Vlad Kaczynski is an Associate Professor at the School of Marine Affairs and Adjunct Associate Professor at the Jackson School of International Studies at UW. He is also Affiliate Professor at Nelson Mandela Metropolitan University in Port Elizabeth, Republic of South Africa. He has worked as a consultant and team leader work sponsored by the UN, USAID, World Bank, Inter-American Development Bank, USAID, and U.S. Department of Defense, as well as numerous private corporations from the United States, Korea, Australia, and Russia.
“Oil and gas revenues fuel Russia’s current economic revival; its continuation is dependent upon maintaining and, perhaps, increasing current levels of oil and gas production…” “Ultimately, expanding state control over Russia’s energy sector may prove self-defeating…”
The Arctic’s importance has grown by virtue of its enormous energy holdings and the prospect of increased year-round navigation due to regional climate change. The convergence of economic, social, environmental, and technological forc- es turned global attention to opportunities available in the Arctic in the fields of energy, transportation, food production, mineral extraction, human settlement, tourism, and exploration. The Arctic Ocean and its natural resources are increasingly important to the Russian Federation. The rela- tive significance of the Arctic for Russia grows: prospects of off-shore oil and gas exploitation, shipping, fisheries, popu- lation issues, oceanographic research and the law of the sea are at least as important as the sum of these separate aspects of Arctic affairs.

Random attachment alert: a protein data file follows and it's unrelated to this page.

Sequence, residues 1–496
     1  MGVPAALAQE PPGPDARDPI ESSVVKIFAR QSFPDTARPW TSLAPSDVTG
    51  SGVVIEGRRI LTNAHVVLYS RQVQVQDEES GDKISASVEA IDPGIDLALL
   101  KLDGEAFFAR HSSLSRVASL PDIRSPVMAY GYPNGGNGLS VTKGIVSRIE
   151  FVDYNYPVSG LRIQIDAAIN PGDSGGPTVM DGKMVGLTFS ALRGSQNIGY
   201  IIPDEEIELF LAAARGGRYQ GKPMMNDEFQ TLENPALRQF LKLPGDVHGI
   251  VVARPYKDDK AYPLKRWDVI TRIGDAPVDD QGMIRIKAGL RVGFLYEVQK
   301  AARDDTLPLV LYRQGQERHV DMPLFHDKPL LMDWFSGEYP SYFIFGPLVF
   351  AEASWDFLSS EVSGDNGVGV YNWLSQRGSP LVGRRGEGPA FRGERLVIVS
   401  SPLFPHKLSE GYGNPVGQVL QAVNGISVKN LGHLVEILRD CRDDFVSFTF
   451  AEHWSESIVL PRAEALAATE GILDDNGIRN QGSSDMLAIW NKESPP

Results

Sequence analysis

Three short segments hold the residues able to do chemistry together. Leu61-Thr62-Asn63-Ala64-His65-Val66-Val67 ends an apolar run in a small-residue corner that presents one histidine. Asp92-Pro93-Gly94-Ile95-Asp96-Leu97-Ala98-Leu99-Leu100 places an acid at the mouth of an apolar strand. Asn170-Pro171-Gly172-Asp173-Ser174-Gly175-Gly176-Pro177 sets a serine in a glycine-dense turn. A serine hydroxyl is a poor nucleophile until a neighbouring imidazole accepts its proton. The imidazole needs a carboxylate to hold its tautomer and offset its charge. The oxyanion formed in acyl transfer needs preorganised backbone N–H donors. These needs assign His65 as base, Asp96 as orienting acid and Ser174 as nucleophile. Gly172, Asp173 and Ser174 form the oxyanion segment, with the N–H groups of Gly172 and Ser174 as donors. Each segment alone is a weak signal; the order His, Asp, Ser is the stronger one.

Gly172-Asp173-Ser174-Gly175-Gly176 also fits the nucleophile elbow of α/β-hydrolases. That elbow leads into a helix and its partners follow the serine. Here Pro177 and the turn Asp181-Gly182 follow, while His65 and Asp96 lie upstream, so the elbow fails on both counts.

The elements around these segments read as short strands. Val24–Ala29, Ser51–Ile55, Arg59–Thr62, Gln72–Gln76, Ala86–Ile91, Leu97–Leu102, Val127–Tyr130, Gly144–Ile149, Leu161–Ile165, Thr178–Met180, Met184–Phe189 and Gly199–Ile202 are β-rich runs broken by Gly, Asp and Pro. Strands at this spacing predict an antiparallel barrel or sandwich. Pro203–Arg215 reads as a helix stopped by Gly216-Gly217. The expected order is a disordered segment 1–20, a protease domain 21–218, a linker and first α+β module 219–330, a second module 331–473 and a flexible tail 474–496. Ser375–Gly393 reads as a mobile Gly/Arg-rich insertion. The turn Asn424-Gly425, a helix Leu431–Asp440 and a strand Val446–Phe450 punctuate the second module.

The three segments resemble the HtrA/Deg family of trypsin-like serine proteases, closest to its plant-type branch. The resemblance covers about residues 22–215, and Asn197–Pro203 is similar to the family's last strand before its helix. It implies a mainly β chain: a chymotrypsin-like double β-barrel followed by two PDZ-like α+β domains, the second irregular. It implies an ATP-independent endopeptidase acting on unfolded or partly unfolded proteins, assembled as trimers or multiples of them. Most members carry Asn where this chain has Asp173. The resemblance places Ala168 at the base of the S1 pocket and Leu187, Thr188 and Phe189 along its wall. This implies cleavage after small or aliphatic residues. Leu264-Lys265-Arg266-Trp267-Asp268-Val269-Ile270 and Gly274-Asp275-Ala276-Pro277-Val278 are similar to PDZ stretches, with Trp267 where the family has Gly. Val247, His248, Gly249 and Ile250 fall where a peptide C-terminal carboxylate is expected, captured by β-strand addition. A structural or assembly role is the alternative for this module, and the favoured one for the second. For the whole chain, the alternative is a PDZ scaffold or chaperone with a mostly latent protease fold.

Accordingly, one main goal of Russia’s official state policy is to “expand the resource base” of the Arctic zone of the Russian Federation, which offers an opportunity to fulfill, in large part, Russian need for hydrocarbon resources, marine living resources, and other strategic raw materials. The main goal of this policy—formally unified, centralized, and coordinated by the Kremlin—is to transform the Arctic into Russia’s strategic resource base and make Russia a leading Arctic power by 2020. This study considers both this approach’s impacts and the growing Russian interests in the Arctic resources. Both factors have contributed to the impressive development of the Russian Federation in Arctic affairs and to the growing problems that the country encounters while trying to achieve its aim. These include difficulties in financing expensive Arctic energy extraction proj- ects, lack of technology to extract resources in the Arctic environment, and difficulties in attracting foreign capital to Arctic exploration. (purchase article…)